Third, any sort of financial integration requires co-operation and co-ordination undertaken by financial intermediaries.  Many accounting and audit firms, investment banks, law firms, and other professionals have based their Asian operations in Hong Kong for a long time.  They have accumulated rich experience in dealing with Mainland enterprises and serving as the Mainland's gateway to the international business.  They are among those who have made Hong Kong tick.  Now the Mainland's policy of financial liberalization will give rise to new exciting opportunities for Hong Kong's financial intermediaries to capitalize on their well-established competitive edge to deepen their business presence in the Mainland.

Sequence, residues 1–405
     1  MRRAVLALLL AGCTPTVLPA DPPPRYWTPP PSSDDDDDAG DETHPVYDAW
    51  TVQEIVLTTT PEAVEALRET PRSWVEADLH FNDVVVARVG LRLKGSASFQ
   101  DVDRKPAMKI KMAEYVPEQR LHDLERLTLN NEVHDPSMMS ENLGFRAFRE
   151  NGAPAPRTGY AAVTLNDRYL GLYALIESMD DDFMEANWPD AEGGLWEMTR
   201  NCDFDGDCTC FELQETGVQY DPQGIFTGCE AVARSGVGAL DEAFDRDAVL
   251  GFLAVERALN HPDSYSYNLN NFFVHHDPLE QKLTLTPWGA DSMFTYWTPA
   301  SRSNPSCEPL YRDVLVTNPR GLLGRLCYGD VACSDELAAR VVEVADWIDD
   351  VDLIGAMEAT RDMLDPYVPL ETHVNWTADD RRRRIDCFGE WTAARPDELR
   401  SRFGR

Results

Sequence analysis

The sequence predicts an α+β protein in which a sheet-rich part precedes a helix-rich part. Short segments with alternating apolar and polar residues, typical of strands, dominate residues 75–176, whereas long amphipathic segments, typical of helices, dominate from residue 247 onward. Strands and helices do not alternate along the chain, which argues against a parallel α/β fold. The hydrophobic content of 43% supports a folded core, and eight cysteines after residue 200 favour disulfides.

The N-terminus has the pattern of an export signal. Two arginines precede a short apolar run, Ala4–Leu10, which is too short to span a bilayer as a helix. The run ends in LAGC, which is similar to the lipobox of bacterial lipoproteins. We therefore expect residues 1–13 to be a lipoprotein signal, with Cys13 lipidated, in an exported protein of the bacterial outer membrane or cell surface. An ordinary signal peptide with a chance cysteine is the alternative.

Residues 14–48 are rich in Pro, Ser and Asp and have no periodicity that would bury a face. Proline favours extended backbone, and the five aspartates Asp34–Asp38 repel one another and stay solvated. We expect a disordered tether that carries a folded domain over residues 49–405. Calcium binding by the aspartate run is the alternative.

Let me speak more today about the roles of the accountancy profession in Hong Kong in this regard.  Paul (Chan) told me that Hong Kong is blessed with a strong accountancy profession, comprising more than 25 000 CPAs and more than 1 300 firms or corporate practices.  At present over 40 such firms or practices have already become the first-movers to set up branch offices or other forms of business ventures in the Mainland and work hand in hand with their counterpart professionals in the Mainland.  Experience of working in the Mainland has been the key to success of many outstanding accountants here.  With the implementation of the Closer Economic Partnership Arrangement (CEPA) between the Mainland and Hong Kong, the HKICPA has established mutual recognition of professional qualifications with the Chinese Institute of CPAs, thereby speeding up the exchange of professional knowledge in the two places.  I am very confident that, as capital controls are liberalized now in the Mainland, demand for accounting and tax services, auditing engagements, financing, investment and corporate finance services for Mainland enterprises will only spring up further.  In fact, since the first H-share enterprise listed in Hong Kong in 1993, Hong Kong accountants have devoted much effort to advising Mainland enterprises on the listing in Hong Kong and acting as their reporting accountants in the listing applications.  These enterprises remain the clients of many Hong Kong-based accounting firms which are hired in the periodic audit assignments in accordance with our listing requirements.  These clients will only book more hours from you later on. Together with other intermediaries such as bankers, brokers and fund managers, the accountancy profession in Hong Kong will be the trustworthy partners of Mainland enterprises to use Hong Kong as a launching pad for their extended journey to integrate with the global capital markets.